This week’s 5 questions is with Joel Mayward, author of The Youth Cartel’s new book, Leading Up. Here’s our interaction about his life, his new book and a little insight in leading from the middle:

Who is Joel Mayward?
I’m a pastor, husband, father, and writer currently living and doing ministry in Langley, British Columbia. I’ve been leading in youth ministry since I was 16, and have been in full-time ministry for about 6 years. I love movies, writing, coffee, drumming, reading, hiking, discipleship, and Jesus, but not in that order.

Love the idea of leading up – where have you seen this done well in your current ministry?
I recently moved from Arizona to British Columbia, and have only been at my new church for two months. I have to practice what I preach in Leading Up, learning how to navigate the systems and sacred cows of my new church context, and intentionally take the time to build relational equity with my fellow church leaders. I’m relearning everything, having to start over in a new church and rebuild relationships. It’s a deeply humbling and transformative process, which is what leading up is all about.

Leading up can be so difficult because we’re stuck in the middle as youth workers. What is one key thing to avoid to make sure our leadership is not overlooked?
Being “stuck in the middle” sounds more gloomy than the reality of our role–we are key members of the body of Christ, called by the Spirit of God and equipped to lovingly build up the whole church while focusing our time and energy on teenagers. It all comes back to recognizing my identity and calling in Christ; I’m not just a “youth worker,” I’m a beloved child of God, uniquely gifted and strengthened by the Holy Spirit. Leading up is far more empowering when I realize that it’s not about me, it’s about the vision and calling Christ has given me. Leadership is a gift, not an entitlement or obligation.

The book is a great and easy read. Why choose the youth ministry story/fable approach?
Originally, the book felt like a bunch of random concepts and tools about leading up, making it both very short and very boring. I love movies and compelling stories, and knew the various “leading up” experiences of many of my friends and partners in ministry needed to be shared well through a fictional narrative. Logan’s story is true in the sense that truth is larger than just facts, and art reflects our life and experience. I have to thank Mark Oestreicher for giving me the suggestion to write the book as a leadership fable, and the encouragement to keep writing. The characters and story took off from there!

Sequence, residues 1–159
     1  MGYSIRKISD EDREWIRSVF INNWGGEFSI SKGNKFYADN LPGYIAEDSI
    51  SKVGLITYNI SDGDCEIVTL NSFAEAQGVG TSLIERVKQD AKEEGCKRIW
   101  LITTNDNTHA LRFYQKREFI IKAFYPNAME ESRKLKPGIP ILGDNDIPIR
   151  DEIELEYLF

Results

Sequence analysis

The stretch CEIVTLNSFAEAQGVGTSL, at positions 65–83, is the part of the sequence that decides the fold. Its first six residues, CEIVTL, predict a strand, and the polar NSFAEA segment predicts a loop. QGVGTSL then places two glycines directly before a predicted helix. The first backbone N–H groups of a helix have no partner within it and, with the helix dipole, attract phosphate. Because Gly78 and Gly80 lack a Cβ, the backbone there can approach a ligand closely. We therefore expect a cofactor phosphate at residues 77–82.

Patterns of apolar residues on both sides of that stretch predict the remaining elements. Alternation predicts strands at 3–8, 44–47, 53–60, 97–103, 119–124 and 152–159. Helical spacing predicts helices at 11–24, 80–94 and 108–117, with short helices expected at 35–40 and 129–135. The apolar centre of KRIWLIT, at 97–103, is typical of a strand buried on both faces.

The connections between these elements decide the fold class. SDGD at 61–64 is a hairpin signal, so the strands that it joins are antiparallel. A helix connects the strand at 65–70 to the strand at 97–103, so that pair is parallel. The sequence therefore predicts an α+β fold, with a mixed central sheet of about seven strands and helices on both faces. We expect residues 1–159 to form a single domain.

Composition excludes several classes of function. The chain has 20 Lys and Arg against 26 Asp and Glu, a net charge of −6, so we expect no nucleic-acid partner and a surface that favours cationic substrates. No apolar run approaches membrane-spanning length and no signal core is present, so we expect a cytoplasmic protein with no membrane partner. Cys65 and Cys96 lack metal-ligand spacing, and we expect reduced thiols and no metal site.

What is next for you?
I’m hoping and praying that Leading Up would be an encouragement to leaders in the church, both in the youth ministry tribe and beyond. I’d love to hear the stories of young leaders choosing to stay in churches and embrace their calling, seeing their churches transformed through a leadership of grace. There are all sorts of other book ideas percolating in my mind. It’s literally a dream come true to write this book, and I hope to keep humbly writing and sharing and speaking and leading in the season to come.

JG

I love movies. As in, I’ve watched 85 films already this year, which averages to around 3 a week, if my math is correct. Some might call me a movie snob; I prefer the term “cinephile.” While one could argue that film is a big waste of time and money, I believe filmmakers are theologians of sorts. They tell us stories that both reflect and shape our cultural values, including our views of humanity and God. The movie theater becomes a sanctuary, a 2-hour respite from the summer heat and boredom. In the youth ministry world, movie theaters–alongside malls–become the centers of summer activity for many of our students.

Your students are not only watching movies this summer, their views are being inherently shaped by them whether they realize it or not. Students tend to approach films in one of three ways. Some are sponges–they mindlessly soak up anything and everything that a film offers, including messages and values that are intrinsically unBiblical. Others are funnels–they mindlessly avoid all cinema (and all other media, for that matter) and let it slide past them due to its supposed sinfulness. Finally, some are sieves (or colanders, or strainers, or whatever word you prefer for that thing you use when making spaghetti!)–they wisely filter which movies to watch or avoid, using a Biblical filter for discerning the messages that films are presenting, and critiquing films based on Philippians 4:8: Finally, brothers and sisters, whatever is true, whatever is noble, whatever is right, whatever is pure, whatever is lovely, whatever is admirable–if anything is excellent or praiseworthy–think about such things.

People don’t become sieves on their own. Students need wise and discerning people to watch movies with them in order to have conversations that go deeper than, “yeah, that was a cool movie.” They need someone who will take them to a film, then take them out for ice cream or coffee afterwards in order to intentionally have that spiritual conversation. They need someone who will expose them to films that reflect the beauty of our Creator that they might not otherwise watch. They need someone who will hold them accountable to the films that they watch, lest they become sponges like the majority of teens around them. They need to know why a film isn’t okay to watch, not just what is wrong with it.

So go watch a film. Invite some students along. And expect Jesus to show up at the movies with you.

Joel Mayward is first and foremost a follower of Jesus, which is the foundation for his love of his wife Katie, and son, Copeland. Joel loves pondering all the interconnections between film, theology, and youth ministry. He is the high school pastor at Red Mountain Community Church in Mesa, AZ. You can read his movie reviews and youth ministry musings on his blog.